In many ways this was a movie about personal homosocial interactions (iirc most if not all of D-FENS' interactions are with men) that either turn or are threatened to turn violent. The way D-FENS the Defense Contractor dresses becomes parodic when you consider that Schumacher started his career as a costume designer. And if I remember it correctly, at the end of the movie the tough-guy vigilante (or whatever) essentially goads or tricks the reluctant tough-guy cop into shooting him.

I think there's a way to consider this movie as Schumacher just waving his arm over the landscape and saying "this is where this got us" and whether D-FENS is a hero or villain or whatever isn't particularly relevant when he is the personification of violence.
posted by griphus at 1:16 PM on May 1, 2017 [10 favorites]


dudes who seemingly think that Chuck Palahniuk is all of literature? (Well, I will assume they are also into Hunter S. Thompson and Bukowski)

The other two I could take or leave but come on, who doesn't have a soft spot for weird uncle Hunter?
posted by Dr Dracator at 1:19 PM on May 1, 2017 [20 favorites]


I have a 25-year-old argument with a dear friend over exactly this point; the film seems to me entirely ambiguous as to whether D-Fens is the hero or villain until that last moment -- and I think the audience (to the extent they identify with him) should have a wake-up call right then.

I think the moment of decision is entirely different for different people. My wife was distinctly uncomfortable with the character early on, earlier than I was the first time I saw the film.

(Duvall as hero and white savior still problematic

Been a long while since I've seen it, but my recollections make me both agree and disagree with you; having Duvall's character working towards understanding what was going on was important because it gives the audience a counter-point to D-Fens; here's a white guy who can work with women and minorities, and display emotional insight and sensitivity into what is going on and be part of this society. I fear that if the police detective had been played by a non-white actor, the subtext of the ending of the film would have been perceived quite differently.
posted by nubs at 1:22 PM on May 1, 2017 [15 favorites]


No, he's both, that's the whole point. He's a tragic figure that the movie initially tricks you (just as D-Fens tricks himself) into seeing as an anti-hero.

I think this depends strongly on who the "you"/audience is, though, and what perspectives they bring to the viewing. The piece poses but never quite satisfactorily resolves the question "Which side is Schumacher — and the audience — supposed to be on?" This is part of what I see as the unusual deliberate tension of the film (I haven't seen it in a while, so a new viewing might change my mind) - it intentionally rides that ambiguity so completely and milks the sympathetic-cheering/disgust-condemnation line for most of the running time, and uses political incorrectness to do so, in a way that reveals the particular pathology of the person watching it. It's not enough to say that the film tricks you into sympathizing and then drops the reveal on you at the end - this is both simplistic and incorrect for most people watching. It's doing something a lot stranger - because a certain kind of audience "knows" he's the bad guy from reel one! But predictably roots for him despite that. There's no twist involved, just a gradual introduction of a broader worldview and perspective beyond the initially-constricted one (the main character's) that we have access to. It's playing with this mentality that he's doing "wrong" things and acting on the impulses and id that (white male reactionary) viewers have but bury deep inside, and the film plays out like it's allowing that viewer to vicariously live through this fantasy.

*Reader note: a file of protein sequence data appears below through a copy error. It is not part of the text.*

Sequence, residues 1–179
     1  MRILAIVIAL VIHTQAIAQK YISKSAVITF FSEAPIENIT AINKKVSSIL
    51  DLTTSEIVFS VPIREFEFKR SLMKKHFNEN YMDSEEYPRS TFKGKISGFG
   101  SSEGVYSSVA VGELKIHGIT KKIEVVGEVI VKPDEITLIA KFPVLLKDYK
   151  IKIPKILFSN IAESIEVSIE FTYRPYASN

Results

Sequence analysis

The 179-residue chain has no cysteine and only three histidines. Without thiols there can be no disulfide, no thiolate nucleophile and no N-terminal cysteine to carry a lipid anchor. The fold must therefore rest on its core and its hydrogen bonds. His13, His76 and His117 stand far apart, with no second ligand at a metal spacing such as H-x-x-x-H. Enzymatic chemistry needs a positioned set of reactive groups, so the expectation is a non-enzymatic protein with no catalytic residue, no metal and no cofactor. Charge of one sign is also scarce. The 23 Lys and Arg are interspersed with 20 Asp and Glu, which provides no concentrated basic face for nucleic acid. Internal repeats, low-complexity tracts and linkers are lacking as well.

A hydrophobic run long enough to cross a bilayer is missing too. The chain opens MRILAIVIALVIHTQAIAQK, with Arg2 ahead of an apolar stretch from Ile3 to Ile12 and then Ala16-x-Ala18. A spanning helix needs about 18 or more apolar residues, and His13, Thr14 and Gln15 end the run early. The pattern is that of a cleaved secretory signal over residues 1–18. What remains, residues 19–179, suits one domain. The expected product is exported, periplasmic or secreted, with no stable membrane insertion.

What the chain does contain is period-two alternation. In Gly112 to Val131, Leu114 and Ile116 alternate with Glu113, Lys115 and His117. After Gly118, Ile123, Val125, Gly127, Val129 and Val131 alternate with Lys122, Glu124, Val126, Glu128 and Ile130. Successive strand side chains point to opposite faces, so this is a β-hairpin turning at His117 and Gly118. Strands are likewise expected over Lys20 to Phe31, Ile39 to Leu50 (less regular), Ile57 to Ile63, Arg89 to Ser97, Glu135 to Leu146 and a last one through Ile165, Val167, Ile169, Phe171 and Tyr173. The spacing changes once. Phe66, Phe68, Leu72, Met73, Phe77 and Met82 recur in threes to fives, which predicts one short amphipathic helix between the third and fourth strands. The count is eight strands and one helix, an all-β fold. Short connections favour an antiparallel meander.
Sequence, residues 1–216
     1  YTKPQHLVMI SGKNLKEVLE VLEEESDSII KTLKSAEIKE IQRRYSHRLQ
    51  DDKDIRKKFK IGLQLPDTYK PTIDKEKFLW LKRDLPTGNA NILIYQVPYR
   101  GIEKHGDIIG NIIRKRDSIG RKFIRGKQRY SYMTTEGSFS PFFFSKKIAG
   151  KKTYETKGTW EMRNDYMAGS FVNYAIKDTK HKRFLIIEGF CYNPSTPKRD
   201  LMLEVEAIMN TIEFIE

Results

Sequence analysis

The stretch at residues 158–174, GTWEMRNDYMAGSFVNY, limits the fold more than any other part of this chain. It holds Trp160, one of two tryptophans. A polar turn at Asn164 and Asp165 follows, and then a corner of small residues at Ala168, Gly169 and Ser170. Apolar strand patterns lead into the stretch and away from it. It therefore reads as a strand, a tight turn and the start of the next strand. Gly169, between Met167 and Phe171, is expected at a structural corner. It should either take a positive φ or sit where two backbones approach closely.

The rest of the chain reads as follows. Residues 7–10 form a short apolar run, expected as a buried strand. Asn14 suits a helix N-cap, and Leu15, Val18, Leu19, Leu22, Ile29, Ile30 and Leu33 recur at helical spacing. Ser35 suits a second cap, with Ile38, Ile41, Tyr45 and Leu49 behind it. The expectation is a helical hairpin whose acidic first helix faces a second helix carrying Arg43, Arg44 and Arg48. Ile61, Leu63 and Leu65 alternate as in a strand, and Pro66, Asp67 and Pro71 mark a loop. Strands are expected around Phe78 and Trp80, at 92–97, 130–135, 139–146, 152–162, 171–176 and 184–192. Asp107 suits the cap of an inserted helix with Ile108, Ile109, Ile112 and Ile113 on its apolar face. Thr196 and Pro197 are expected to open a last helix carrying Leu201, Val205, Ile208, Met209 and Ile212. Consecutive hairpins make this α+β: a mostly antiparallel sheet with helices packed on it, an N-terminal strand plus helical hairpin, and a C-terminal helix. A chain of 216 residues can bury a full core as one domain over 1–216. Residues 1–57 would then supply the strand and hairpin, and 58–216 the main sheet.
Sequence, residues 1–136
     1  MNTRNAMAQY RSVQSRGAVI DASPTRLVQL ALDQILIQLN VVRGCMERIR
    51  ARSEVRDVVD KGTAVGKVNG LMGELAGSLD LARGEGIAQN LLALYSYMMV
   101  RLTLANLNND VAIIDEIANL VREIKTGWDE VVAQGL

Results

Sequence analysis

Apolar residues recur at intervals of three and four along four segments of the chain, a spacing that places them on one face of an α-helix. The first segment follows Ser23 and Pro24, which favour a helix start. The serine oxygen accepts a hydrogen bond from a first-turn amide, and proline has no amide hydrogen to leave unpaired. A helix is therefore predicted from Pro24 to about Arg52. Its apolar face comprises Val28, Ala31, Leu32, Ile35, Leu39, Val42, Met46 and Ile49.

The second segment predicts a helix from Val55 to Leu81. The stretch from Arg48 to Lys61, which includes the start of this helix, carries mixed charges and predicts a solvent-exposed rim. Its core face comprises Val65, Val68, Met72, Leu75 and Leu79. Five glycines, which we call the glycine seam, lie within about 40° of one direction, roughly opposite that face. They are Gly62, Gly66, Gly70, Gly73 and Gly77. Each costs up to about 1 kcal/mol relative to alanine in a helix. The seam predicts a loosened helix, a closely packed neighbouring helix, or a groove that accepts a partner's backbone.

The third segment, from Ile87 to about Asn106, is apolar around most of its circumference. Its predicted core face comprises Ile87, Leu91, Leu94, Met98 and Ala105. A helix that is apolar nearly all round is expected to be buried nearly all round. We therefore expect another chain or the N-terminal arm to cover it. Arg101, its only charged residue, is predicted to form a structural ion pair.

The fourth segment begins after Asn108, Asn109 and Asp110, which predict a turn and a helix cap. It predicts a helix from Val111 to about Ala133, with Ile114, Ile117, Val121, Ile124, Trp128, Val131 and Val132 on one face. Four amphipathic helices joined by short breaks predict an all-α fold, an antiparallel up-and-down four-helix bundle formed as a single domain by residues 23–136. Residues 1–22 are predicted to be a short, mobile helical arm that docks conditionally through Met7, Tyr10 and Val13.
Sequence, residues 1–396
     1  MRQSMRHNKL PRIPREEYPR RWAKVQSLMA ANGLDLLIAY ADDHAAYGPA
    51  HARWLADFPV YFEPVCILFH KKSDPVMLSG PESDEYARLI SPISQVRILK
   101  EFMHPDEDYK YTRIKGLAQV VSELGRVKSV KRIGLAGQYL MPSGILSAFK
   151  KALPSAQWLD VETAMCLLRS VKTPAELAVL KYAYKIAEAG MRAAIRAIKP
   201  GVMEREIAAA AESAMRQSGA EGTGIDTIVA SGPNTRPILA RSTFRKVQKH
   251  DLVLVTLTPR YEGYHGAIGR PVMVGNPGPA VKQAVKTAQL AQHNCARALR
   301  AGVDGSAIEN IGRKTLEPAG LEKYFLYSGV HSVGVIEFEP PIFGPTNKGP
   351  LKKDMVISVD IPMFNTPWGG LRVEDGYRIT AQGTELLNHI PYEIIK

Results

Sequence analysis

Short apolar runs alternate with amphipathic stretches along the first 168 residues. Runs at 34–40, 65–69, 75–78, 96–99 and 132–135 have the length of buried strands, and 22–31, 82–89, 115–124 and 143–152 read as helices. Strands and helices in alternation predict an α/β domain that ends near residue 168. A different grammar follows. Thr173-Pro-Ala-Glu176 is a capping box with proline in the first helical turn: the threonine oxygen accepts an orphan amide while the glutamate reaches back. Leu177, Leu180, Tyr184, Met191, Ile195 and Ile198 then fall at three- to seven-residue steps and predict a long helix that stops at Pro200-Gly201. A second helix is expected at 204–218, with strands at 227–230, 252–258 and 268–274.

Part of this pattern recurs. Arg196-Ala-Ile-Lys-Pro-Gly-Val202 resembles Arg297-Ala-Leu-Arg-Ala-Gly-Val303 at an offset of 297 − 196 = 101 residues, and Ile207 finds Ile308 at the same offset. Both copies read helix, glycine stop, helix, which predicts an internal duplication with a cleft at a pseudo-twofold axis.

That's something super interesting about the far right and their anti-PC philosophy, or just nationalists in general around the world - they are convinced that everyone, deep down inside, feels the same way they do, is fed up and at the breaking point with a society that devalues them and mocks them and vilifies them - and they are convinced that if people would stop being so polite, neutered/cucked, and obedient, then they would finally DO something and bring this country back to its proud traditionalist roots. That not everyone thinks this way, that this one-sided victimization narrative has deep flaws, and that the psychopathology involved is usually a result of extreme narcissism and lack of perspective is something the film manages to get at, but not in a way that ever defuses its anti-PC tactic. I don't think the filmmakers ever realized just how effective and intoxicating the ploy really is.
posted by naju at 1:25 PM on May 1, 2017 [54 favorites]


I have vivid memories of watching it, and I think I liked it because D-FENS's narrative is so clearly all about how he's just struggling to do the right thing, and you keep forgetting the horror of his behaviour and going in an empathising with him or even enjoying his anger, then catching yourself. Like exercise for your moral muscles.

But probably, I was far too in thrall to the fact that the man who looks like me gets to do whatever he wants, and fuck the harm it causes.

I think it did make me less complacent and probably would for most people who grew up without access to an echo chamber to amplify hatred. Sadly, hate echo chambers are commoner nowadays.
posted by ambrosen at 1:34 PM on May 1, 2017